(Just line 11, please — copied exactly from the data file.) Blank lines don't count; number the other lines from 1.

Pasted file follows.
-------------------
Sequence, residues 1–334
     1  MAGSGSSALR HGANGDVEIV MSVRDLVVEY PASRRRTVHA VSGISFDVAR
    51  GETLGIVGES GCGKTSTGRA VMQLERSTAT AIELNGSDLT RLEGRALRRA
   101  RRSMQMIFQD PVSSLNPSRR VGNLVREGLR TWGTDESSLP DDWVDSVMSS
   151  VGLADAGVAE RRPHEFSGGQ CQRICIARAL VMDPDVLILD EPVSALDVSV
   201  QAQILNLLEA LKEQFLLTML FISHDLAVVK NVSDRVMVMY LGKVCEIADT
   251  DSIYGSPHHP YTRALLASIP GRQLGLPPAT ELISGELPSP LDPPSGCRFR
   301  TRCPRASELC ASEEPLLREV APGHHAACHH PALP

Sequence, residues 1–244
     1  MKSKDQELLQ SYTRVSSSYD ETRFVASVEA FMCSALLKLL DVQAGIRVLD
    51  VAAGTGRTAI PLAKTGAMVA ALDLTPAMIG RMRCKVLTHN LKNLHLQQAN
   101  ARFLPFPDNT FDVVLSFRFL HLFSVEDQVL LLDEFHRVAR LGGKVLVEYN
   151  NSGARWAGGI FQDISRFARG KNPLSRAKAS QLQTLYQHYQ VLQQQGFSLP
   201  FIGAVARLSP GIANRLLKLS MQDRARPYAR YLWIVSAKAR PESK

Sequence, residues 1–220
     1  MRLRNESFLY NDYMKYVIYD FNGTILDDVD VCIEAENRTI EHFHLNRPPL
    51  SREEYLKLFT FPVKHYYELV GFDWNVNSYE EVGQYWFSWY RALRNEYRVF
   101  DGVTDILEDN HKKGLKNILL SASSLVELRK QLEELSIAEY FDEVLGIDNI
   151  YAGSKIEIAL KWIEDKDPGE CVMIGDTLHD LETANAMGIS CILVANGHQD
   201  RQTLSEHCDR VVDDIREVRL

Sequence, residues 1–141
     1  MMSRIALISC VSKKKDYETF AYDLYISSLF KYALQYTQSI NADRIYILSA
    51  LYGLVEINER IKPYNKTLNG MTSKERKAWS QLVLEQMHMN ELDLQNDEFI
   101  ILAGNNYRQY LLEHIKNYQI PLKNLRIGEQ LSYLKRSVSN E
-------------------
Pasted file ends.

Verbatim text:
    51  VAAGTGRTAI PLAKTGAMVA ALDLTPAMIG RMRCKVLTHN LKNLHLQQAN